In fall 1990, shortly before a general assembly, I happened to be in open conflict with Klaus. I did not agree with his political pragmatism, his inability to arrive at a consensus, his resistance to cooperation with the Slovak group Public Against Violence, and his opposition to the idea of civil society. Václav Klaus was one of the few of our economists with wider views, but I didn't accept his attitudes and behavior as a leader - such as his not recognizing the difference between clean and dirty money or his policy on privatization. I wanted a broader variety of ownership and not just the coupon privatization. With the help of overseas development assistance, we managed to accomplish a successful restitution and the so-called "small" privatization. However, allowing a small but very rich community to emerge was not the approach I preferred. Even if it might require a longer time, I preferred the way that was fair and, moreover, would encourage the growth of a strong middle class.
When the assembly elected Klaus as the chairman of Civic Forum, I bowed out of active politics.
Why do you think Vaclav Klaus was successful politically?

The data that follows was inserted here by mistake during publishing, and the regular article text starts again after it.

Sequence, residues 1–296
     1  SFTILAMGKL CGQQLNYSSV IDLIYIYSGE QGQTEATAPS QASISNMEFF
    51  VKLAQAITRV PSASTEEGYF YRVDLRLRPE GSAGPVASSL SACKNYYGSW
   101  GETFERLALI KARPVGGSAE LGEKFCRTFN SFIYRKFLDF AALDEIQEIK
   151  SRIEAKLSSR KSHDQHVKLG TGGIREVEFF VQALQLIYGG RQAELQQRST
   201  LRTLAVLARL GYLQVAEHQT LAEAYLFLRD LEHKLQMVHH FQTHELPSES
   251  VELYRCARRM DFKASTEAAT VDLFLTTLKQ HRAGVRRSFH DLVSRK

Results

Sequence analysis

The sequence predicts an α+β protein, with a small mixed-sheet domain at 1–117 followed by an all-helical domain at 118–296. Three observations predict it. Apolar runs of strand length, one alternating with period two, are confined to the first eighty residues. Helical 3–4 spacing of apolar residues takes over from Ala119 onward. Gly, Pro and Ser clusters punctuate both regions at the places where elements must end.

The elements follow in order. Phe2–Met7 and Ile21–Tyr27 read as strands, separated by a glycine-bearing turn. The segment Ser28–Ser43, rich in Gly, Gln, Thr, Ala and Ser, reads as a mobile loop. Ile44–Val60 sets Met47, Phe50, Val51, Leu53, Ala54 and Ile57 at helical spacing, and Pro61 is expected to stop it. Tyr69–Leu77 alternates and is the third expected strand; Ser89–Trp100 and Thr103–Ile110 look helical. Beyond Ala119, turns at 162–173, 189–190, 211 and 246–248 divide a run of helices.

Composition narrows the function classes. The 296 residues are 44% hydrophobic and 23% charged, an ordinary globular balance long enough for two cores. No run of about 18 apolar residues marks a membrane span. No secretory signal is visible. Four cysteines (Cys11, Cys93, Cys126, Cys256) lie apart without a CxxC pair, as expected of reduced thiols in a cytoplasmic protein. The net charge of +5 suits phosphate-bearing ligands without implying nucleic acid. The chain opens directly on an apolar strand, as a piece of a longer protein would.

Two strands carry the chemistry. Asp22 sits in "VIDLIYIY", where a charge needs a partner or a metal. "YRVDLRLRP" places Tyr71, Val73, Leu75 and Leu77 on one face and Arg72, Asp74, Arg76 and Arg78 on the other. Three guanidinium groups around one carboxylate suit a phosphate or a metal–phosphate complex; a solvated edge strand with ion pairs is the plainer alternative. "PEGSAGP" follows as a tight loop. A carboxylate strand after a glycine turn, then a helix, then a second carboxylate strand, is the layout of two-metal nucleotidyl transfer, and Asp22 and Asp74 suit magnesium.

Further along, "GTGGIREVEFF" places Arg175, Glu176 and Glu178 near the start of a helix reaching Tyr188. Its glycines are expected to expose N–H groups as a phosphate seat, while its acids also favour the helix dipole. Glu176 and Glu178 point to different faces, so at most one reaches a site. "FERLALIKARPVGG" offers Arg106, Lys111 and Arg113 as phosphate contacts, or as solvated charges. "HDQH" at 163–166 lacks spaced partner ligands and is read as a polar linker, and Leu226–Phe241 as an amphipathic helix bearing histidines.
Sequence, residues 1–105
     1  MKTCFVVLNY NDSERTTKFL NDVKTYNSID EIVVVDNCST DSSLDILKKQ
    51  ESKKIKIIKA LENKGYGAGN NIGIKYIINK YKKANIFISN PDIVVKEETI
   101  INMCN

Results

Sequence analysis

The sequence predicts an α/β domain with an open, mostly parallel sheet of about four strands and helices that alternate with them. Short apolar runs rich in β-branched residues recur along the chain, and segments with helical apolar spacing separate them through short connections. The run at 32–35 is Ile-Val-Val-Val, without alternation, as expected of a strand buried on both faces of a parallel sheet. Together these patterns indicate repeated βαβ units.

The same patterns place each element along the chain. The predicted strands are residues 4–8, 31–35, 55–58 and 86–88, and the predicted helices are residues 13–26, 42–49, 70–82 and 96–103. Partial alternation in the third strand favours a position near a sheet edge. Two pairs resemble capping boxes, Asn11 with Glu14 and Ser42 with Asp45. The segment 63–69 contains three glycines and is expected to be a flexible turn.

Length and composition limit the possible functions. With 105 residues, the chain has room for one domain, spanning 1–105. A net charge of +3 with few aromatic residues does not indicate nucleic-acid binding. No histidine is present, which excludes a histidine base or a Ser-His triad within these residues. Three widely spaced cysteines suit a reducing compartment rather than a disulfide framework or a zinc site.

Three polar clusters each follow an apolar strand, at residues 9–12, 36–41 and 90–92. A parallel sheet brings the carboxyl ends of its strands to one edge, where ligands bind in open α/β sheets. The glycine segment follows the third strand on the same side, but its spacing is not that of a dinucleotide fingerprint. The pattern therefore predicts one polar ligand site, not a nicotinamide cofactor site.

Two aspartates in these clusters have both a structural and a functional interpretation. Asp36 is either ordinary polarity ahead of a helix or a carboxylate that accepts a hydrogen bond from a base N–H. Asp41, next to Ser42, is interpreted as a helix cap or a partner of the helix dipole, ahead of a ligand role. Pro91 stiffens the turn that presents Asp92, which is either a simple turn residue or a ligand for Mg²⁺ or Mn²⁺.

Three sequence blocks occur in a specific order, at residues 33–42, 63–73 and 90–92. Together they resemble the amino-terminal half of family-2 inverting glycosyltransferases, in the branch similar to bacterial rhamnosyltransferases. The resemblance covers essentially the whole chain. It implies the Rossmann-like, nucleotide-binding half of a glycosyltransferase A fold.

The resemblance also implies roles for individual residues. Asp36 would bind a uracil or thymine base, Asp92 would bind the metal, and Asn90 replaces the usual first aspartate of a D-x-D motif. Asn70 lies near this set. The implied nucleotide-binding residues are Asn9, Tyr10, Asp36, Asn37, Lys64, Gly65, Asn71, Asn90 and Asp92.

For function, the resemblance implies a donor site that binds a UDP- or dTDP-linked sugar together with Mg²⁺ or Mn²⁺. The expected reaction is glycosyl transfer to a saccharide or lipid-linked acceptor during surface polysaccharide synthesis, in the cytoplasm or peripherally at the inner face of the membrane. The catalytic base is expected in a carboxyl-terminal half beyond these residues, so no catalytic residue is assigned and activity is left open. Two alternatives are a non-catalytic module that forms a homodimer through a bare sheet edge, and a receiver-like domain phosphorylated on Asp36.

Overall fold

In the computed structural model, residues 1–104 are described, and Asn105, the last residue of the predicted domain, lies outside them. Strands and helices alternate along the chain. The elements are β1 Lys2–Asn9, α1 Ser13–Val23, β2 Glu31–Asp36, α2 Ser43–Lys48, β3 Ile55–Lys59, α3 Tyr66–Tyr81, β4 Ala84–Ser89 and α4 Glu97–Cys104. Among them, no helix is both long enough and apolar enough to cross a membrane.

He chose a very simple and publicly understandable approach. This was a time when people believed that they all would become rich and happy and everything would go well. There was a campaign to educate the masses about economics and the structure of shareholding companies, offering them the role of shareholders of privatized state enterprises. There was also the scam of a certain Viktor Kožený who offered to immediately purchase from citizens their shares for cash. And it all happened under the name of Václav Klaus. The fact that a great number of people decided to surrender their chances to own property and obtained instead instant petty cash, is another thing. It was an extraordinary opportunity that some used, some misused, but the majority did not participate in actively.